Public security, powers of the public security authority and information technology

Master of Science in Cybersecurity – Prof. Luigi V. Mancini

CYBERSURE
CYBERsecurity at Sapienza University of Rome Events

Public security, powers of the public security authority and information technology

Andrea Monti – Lawyer

 Affiliation: Adjunct Professor of Public Policy and Public Security Law at the University of Chieti-Pescara.

 May 13, 2019, from 16:15 to 18:30

 Aula II, ground floor of the building “ex-Facoltà di Scienze Statistiche” in “Città Universitaria”, Piazzale Aldo Moro, 5 (Rome).

 

Part 1. Technological public order and information security

Part 2. Public security and information technology

 

The pervasiveness of information technologies has repercussions not solely in terms of judicial activity, but also affects the management of public order – and therefore the exercise of powers attributed to the Ministry of the Interior in different areas and before the Judiciary intervention.

A modern notion of public order must necessarily take into account the issue of information security as its own constitutive element.

This seminar describes, starting from the analysis of the Consolidated Law on public security, the structure of the public security authority, and defines roles and powers and analyses the way in which this structure deals with the subjects of the information society.              

In particular, it highlights the possible interactions between the State Police, Internet providers and platform operators Over the top.

Participation is free, however registration is required on Eventbrite by searching “Public security, powers of the public security authority and information technology”.

Upcoming Seminars at https://cybersecurity.uniroma1.it/cybersecurity-seminars

For any questions or further info, please visit https://cybersecurity.uniroma1.it or write to cybersecurity_info@uniroma1.it

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The CIA to provide evidence of HwaWei involvement with Chinese Military and Intelligence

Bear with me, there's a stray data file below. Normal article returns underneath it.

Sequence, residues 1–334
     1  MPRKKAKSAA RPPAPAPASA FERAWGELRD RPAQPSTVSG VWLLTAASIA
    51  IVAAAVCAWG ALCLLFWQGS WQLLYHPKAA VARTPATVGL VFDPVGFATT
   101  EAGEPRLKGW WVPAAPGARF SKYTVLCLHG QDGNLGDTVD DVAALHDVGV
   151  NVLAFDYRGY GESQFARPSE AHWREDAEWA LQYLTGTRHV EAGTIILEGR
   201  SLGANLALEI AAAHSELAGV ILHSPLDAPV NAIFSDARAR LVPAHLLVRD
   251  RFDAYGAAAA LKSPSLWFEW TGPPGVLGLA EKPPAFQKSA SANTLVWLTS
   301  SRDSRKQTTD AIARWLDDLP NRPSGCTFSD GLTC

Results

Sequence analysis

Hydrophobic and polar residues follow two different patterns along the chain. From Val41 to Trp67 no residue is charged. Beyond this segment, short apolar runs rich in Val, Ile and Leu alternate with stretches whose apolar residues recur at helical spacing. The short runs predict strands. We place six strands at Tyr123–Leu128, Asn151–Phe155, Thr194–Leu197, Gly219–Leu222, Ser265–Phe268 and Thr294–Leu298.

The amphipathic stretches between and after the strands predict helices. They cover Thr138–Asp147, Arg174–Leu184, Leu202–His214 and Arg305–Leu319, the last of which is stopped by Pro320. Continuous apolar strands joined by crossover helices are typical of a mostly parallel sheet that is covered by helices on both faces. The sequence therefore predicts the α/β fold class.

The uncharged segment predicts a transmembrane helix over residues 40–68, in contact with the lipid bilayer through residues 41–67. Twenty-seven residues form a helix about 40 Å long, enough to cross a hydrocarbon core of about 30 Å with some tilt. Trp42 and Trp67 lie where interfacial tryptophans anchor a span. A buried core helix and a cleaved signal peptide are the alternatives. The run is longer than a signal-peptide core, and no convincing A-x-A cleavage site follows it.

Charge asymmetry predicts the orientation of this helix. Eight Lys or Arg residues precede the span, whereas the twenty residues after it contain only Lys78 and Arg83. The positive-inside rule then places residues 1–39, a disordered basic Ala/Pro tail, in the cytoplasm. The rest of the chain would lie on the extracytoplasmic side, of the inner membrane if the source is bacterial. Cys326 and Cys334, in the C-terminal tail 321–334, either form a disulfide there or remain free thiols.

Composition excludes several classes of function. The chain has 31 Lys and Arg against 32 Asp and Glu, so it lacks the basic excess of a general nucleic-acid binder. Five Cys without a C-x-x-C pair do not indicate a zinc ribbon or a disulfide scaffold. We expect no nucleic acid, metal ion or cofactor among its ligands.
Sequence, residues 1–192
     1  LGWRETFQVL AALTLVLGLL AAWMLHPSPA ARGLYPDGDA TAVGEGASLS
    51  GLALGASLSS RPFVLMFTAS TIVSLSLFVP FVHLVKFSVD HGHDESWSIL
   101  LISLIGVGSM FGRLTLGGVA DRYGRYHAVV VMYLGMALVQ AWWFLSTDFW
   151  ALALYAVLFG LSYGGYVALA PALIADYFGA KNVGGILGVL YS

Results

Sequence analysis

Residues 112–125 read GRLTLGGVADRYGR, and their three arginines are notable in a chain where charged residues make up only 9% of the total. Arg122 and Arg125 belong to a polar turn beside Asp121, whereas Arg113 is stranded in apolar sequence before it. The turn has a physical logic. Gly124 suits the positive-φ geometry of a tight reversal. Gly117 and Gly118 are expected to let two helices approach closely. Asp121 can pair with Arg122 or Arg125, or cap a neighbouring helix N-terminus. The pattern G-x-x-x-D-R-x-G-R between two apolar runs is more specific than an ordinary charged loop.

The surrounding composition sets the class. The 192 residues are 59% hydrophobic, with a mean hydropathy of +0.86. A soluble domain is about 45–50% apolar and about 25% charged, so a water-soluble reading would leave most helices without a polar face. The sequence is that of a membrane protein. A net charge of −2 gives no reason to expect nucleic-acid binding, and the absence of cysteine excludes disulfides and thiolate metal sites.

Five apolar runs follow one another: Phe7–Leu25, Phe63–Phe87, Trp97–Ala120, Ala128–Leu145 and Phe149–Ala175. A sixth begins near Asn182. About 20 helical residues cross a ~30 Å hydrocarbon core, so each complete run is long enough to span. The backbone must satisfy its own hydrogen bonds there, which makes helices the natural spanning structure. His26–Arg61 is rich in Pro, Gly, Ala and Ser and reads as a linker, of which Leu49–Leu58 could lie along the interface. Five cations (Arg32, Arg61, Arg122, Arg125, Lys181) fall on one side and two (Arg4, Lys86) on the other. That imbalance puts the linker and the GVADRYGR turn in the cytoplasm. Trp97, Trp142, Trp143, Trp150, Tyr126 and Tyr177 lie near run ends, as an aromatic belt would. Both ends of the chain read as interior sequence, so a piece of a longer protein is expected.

Even if true, where is the beef? That HwaWei got funded by Chinese military and intelligence is not an issue. Do we already forgot the “Fritz Chip”, the use of (Western-sponsored) State malware in intelligence and criminal investigation and so on?

From a national security and public policy perspective, it is  logic that a sovereign state explores all the possibilities to obtain superiority over its foes and “friend” too. Thus – if confirmed – the proof offered by CIA of HwaWei involvement with the national security apparatus shouldn’t surprise. Continue reading “The CIA to provide evidence of HwaWei involvement with Chinese Military and Intelligence”

What Boxe and Knife Sparring teach about ICT Security

Time and Space are two key factors in any strategy, whether offensive or defensive.  This is true regardless you are involved in large scale, symmetric conflict, in an ambush or in a direct attack. There are, though, serious differences among the possible reactive approaches according to the different factual circumstances.

An empty hand attack can be handled by taking into account to be hit as a way to “close the distance” and gain a tactical advantage. This is best exemplified by the way boxeurs manage the opponent: maybe they get partially hit by a jab, but in the meantime they set themselves in the right position and time to hit with a devastating cross.

Knife sparring – let alone actual “fighting” or self-defense – requires an entirely different approach. In such kind of training it is mandatory not to be hit because a hit actually means a “cut”. Therefore the training is focused on being as far as possible from the blade, and hitting the opponent’s hand with the defendant’s knife (this is called “defang the snake”.) In knife sparring everything is faster and the reaction’s options are very limited, as you don’t backstep and then hit back, or try to catch&parry a knife flying around your face or guts, as you would with just a bare fist.

This key difference matches a common underrated assessment when designing an ICT security model: is the infrastructure able to sustain a hit and remains operational while the “defense team” is summoned (as in the Boxing Sparring)? Or the infrastructure is not designed to act like that and, once hit, its operational capability is progressively hampered (as in the Knife Sparring)?

The answer to this questions is important because it helps the security manager to better define the structure, the roles and the budget of the incident management team.

An Australian Bill makes mandatory for IT companies to crack users’ encrypted messages

The Australian Parliament recently passed the  Telecommunications and Other Legislation Amendment (Assistance and Access) Bill 2018 that might have a disruptive effect on the whole IT business, by forcing companies into designing unsecure hardware and software and weakening users’ confidence. Continue reading “An Australian Bill makes mandatory for IT companies to crack users’ encrypted messages”

A contribution to the analysis of the legal status of cryptocurrencies

Summary
This paper advocates that cryptocurrencies such as Bitcoin or Ethereum don’t challenge the current legal system, since they fit comfortably enough into the immaterial asset legal definition. As such, while a blockchain-based cryptocurrency can’t be considered as legal tender or electronic money, it can be exchanged on a contractual basis as it happens with every other kind of good. Continue reading “A contribution to the analysis of the legal status of cryptocurrencies”